"1. to cut off the outer coating, layer, or part of.
2. to remove (an outer coating, layer, or part) by cutting (often fol. by off or away)."

I don't see this--either paring or shaving--as what the gardener is doing in this poem, so I still don't feel that "whittle" carries the most accurate or successful connotations for me as a reader.

This brings up an important question of connotation in poetry. How much should we look into the connotation, and to bring up an earlier topic, etymology of a word to judge it as a useful or successful part of a poem?

A classic example is Elizabeth Bishop's "The Fish." The opening line is "I caught a tremendous fish," which has always struck me as vague (tremendous how, it leaves me wondering), especially when compared with the following description:

"He hung a grunting weight,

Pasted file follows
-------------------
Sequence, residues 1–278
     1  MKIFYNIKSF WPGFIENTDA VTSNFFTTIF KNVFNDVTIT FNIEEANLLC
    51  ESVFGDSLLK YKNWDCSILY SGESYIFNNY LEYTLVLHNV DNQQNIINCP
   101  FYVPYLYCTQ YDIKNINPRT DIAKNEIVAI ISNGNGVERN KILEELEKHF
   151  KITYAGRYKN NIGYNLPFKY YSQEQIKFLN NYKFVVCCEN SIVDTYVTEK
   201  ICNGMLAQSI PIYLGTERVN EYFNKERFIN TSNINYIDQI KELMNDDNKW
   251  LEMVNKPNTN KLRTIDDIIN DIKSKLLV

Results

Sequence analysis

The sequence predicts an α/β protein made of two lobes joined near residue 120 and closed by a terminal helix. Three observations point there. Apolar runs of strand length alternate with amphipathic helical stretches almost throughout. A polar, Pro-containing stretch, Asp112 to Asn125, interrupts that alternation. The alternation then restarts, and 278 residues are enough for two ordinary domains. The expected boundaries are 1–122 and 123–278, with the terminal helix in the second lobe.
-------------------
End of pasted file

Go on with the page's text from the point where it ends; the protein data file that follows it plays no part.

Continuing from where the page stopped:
battered and venerable
and homely. Here and there
his brown skin hung in strips
like ancient wallpaper,
and its pattern of darker brown
was like wallpaper:
shapes like full-blown roses
stained and lost through age."

For me, that imagery is so rich and delightful I don't think Bishop needed to open with "I caught a tremendous fish". However, I have had teachers who absolutely delighted in the line, because the word "tremendous" comes from the Latin "tremere," which means "to shake" or "quake." In other words, the thing is so great or large it makes one shake with fear and awe. I can see the argument, and that is certainly a rich image, but I'm not sure I get that connotation from the word "tremendous," even if I know that it's there.